This week we read another double portion, Acharei Mot and Kedoshim. The latter, literally meaning “holies”, instructs us on the key mitzvot that make us especially holy. Of course, while all of the Torah’s mitzvot serve to make us holier, the ones in Kedoshim particularly have special merits. The list starts with revering one’s parents and observing the Sabbath (Leviticus 19:3). It peaks with the famous mitzvot of judging others favourably (v. 15), not gossiping (v. 16) nor bearing a grudge (v. 18), and loving your fellow as yourself. Other big mitzvot include not wearing shaatnez (v. 19, a mixture of wool and linen), and not getting tattooed (v. 28). Finally, there is a list of prohibited sexual relationships, before God says: Continue reading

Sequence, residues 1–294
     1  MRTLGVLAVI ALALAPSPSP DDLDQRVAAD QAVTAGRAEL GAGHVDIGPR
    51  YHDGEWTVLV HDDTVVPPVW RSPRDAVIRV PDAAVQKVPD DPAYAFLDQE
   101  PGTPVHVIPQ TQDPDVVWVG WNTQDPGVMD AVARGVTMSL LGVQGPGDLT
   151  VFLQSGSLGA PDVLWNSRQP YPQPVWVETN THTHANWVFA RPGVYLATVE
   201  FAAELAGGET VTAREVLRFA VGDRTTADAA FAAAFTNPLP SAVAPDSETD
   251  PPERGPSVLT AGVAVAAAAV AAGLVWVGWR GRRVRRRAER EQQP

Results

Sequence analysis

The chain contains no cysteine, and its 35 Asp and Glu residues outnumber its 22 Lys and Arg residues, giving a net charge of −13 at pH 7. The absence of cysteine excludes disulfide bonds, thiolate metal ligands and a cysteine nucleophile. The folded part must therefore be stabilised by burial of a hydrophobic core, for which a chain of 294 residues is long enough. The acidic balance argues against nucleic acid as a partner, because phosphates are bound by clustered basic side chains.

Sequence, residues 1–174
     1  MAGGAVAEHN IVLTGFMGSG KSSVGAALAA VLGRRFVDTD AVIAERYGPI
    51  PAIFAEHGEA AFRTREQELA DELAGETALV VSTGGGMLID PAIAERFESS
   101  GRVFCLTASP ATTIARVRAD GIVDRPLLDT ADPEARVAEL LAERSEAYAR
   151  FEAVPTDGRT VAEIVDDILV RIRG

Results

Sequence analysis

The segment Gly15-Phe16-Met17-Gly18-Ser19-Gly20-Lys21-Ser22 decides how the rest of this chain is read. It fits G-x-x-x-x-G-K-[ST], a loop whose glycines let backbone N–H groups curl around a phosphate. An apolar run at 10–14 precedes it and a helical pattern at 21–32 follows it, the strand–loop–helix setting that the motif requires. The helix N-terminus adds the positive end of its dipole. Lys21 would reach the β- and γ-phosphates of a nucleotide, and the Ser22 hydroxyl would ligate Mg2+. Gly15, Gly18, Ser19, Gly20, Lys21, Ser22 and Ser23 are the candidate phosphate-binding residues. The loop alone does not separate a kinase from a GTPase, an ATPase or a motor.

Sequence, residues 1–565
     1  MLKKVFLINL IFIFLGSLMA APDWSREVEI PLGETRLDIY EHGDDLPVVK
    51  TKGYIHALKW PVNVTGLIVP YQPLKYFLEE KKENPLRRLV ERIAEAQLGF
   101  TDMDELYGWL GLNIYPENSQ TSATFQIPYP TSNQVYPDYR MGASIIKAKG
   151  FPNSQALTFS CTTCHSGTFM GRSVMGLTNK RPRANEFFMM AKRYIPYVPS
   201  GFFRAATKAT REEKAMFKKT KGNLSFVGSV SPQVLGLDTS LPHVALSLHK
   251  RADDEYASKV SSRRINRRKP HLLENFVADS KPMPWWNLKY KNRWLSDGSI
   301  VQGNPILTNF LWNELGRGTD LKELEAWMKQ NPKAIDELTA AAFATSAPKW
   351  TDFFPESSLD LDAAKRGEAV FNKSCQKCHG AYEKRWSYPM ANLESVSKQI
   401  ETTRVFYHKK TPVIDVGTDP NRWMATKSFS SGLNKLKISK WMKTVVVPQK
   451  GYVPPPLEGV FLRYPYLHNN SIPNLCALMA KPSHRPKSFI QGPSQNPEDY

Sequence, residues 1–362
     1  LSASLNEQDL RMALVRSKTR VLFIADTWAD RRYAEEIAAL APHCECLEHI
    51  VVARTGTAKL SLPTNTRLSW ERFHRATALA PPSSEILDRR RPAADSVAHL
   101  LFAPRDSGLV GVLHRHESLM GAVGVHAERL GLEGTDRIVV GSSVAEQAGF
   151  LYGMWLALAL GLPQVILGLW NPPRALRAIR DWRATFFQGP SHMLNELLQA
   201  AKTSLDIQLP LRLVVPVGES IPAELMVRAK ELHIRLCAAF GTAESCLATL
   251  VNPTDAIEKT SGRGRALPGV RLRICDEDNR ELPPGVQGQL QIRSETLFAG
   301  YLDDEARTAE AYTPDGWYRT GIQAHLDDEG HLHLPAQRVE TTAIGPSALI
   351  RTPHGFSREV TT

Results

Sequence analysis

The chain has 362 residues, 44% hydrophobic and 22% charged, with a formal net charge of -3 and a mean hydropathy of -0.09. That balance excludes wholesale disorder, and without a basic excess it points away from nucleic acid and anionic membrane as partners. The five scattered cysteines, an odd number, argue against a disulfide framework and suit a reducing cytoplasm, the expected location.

In this week’s parasha, Devarim, Moses recounts the journeys and battles of the Israelites and mentions a number of mysterious peoples:
The Emim dwelled there previously, a great and numerous and tall people, like the Anakim. They are also considered Rephaim, like the Anakim, and the Moabites called them Emim… Rephaim dwelled there formerly, and the Ammonites called them Zamzumim. A great and numerous and tall people, like the Anakim, but God exterminated them… For only Og, the king of Bashan, was left from the remnant of the Rephaim. His bed was a bed of iron… nine cubits was its length and four cubits its width… (Deuteronomy 2:10-11, 20-21, 3:11)
Moses is apparently describing a race of giants, “great and tall”, of whom only one remained—Og (of whom we’re written in the past)—whose bed was nine cubits long, or approximately 18 feet! Who were these Rephaim, and how are they different from Anakim? What do they have to do with the Nephilim of Genesis, who are also thought to be giants?